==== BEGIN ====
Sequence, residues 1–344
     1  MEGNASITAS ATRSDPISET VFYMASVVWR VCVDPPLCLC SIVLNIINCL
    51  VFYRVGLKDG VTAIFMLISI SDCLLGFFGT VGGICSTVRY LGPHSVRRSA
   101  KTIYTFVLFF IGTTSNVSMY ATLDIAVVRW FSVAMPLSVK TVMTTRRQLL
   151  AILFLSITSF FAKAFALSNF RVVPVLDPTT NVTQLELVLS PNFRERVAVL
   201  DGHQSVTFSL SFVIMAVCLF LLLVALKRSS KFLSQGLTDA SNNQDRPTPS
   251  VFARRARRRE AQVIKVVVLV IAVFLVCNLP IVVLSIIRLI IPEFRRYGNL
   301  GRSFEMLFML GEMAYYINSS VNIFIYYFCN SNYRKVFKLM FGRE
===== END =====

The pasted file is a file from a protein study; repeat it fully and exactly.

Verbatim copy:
Sequence, residues 1–344
     1  MEGNASITAS ATRSDPISET VFYMASVVWR VCVDPPLCLC SIVLNIINCL
    51  VFYRVGLKDG VTAIFMLISI SDCLLGFFGT VGGICSTVRY LGPHSVRRSA
   101  KTIYTFVLFF IGTTSNVSMY ATLDIAVVRW FSVAMPLSVK TVMTTRRQLL
   151  AILFLSITSF FAKAFALSNF RVVPVLDPTT NVTQLELVLS PNFRERVAVL
   201  DGHQSVTFSL SFVIMAVCLF LLLVALKRSS KFLSQGLTDA SNNQDRPTPS
   251  VFARRARRRE AQVIKVVVLV IAVFLVCNLP IVVLSIIRLI IPEFRRYGNL
   301  GRSFEMLFML GEMAYYINSS VNIFIYYFCN SNYRKVFKLM FGRE